As an enterprise fund, the marina is veloper, he added, the marina would much, O'Connor said he visits on oc-

CONTINUED ON PAGE 6

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6 Vero Beach 32963 / March 17, 2016 Your Vero Beach Newsweekly ™

NEWS

Marina disrepair License plate cameras ty benefits would outweigh not only Head of art museum to retire
CONTINUED FROM PAGE 5 CONTINUED FROM PAGE 1 the cost of the program, but also the CONTINUED FROM PAGE 1
perceived intrusion into Town resi-
casion, mostly when a ”large boat” eras online to surveil the town while dents’ privacy. Water was lapping at the steps of
comes in, when he goes aboard to they’re gone. the museum, just 8 feet above sea
greet the captain and welcome him to Rosell’s white paper analysis of the level. With the power out and the is-
the city. He acknowledged the mari- Public Safety Chief Rich Rosell said proposal swayed the council in favor, land evacuated, a lone security guard,
na's tight budget does preclude a lot of the computer servers needed to op- convincing them the camera system the late John Janssen, remained in
upgrading and, although he still views erate the system and store the images would deter criminals from entering the museum. With millions of dollars’
the decision to purchase the dry-stor- and license plate search results were the Town. worth of art reliant on an air condi-
age facility as a wise one, he admitted, installed last week. tioner running off a generator, Jans-
“Maybe we overdid it a little.” “Our research indicates that cam- sen camped out for what amounted to
Shores town officials also met to eras placed at both entrances into a couple of weeks making sure it didn’t
O'Connor wants the marina to be talk camera locations. The camer- town would be extremely beneficial run out of gas.
seen as a friendly, inviting place, but as have not yet been installed, but with regards to identifying possible
some marina residents are frustrated Rosell said he is shooting for “hope- suspects as well as eliminating alibis By the time the power came on af-
and don't see things getting better. fully, May 1.” for active suspects,” Rosell told the ter the second storm, Gedeon had her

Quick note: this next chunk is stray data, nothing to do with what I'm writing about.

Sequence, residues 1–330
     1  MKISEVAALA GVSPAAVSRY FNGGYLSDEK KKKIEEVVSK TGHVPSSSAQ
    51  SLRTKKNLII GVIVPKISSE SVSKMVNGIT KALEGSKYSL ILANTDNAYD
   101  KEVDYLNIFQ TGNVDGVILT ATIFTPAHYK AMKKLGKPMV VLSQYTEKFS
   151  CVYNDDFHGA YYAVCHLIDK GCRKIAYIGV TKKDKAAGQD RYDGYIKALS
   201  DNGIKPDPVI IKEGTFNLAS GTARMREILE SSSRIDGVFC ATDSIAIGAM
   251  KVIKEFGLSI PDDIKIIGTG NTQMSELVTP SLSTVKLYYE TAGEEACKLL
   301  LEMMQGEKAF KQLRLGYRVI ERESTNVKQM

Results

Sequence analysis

“This used to be a premier stop in Flori- council in November. work cut out for her. Charged with
da, and now it's going to c--p!” said one. The cameras, which will be de- “bringing the museum to the next lev-
ployed at the north and south en- The footage from the cameras el,” the mantra of then-board chair-
Grabenbauer said his Harbormaster trances to the town, read vehicle would be stored in a secure, on-site man Rick McDermott, a plan began
pals call him“Mr. Bombproof,” because license plates and run plate num- server in the Shores for privacy and to take shape to tame Florida’s art-un-
nothing appears to bother him, and in bers through an extensive database, evidence retention, not on an inter- friendly climate.
some cases that's not a bad thing. instantly alerting patrol officers of net server hosted by the camera com-
hits – such as expired plates, revoked pany. Along with creating a glass-en-
But maybe now it’s time for some- drivers licenses or outstanding war- closed vestibule and building an atri-
body in charge to get “bothered.” rants. Rosell has said that footage of the um around the existing sculpture gar-
comings and goings of residents and den, she and her board commissioned
If nothing much changes until the With that information, officers will visitors to the Town would only be a new 20,000-square-foot wing. That
debt service is paid off 12 years from be able to pull drivers over and in- pulled and reviewed after a crime vast space would house and con-
now, it will probably be too late. It vestigate before they can depart the had occurred. “This solves crimes for serve what would become a greatly
shouldn't take a visit from the Nina Shores. us,” he said. expanded permanent collection. To-
and Pinta to get the marina look- day it stores more than 850 works in
ing ship shape. Vero Beach and every The Town Council approved The sensitivity of the cameras can a state-of-the-art, climate-controlled
boater who lives there or visits deserve $70,000 for the cameras back in No- be customized to flag felony warrants
it just as much.  vember, after some initial heartburn and reported stolen vehicles only, or
about whether or not the public safe- it could pick up every expired tag or
unpaid speeding ticket. 

Your Vero Beach Newsweekly ™ Vero Beach 32963 / March 17, 2016 7

NEWS

environment. And they’re on a flood- It was the facility and the search When the museum was first built, ing as a secretary and taking classes
safe second floor. committee, headed by McDermott, Ellie McCabe’s parents’ foundation at NYU. She soon followed her older
that sold her on the job, she said. And funded the Wahlstrom Sculpture Gar- sister, a civil rights activist, to Venice,
The wing also includes a climate a particularly warm recommendation den. Under Gedeon, the sculpture California.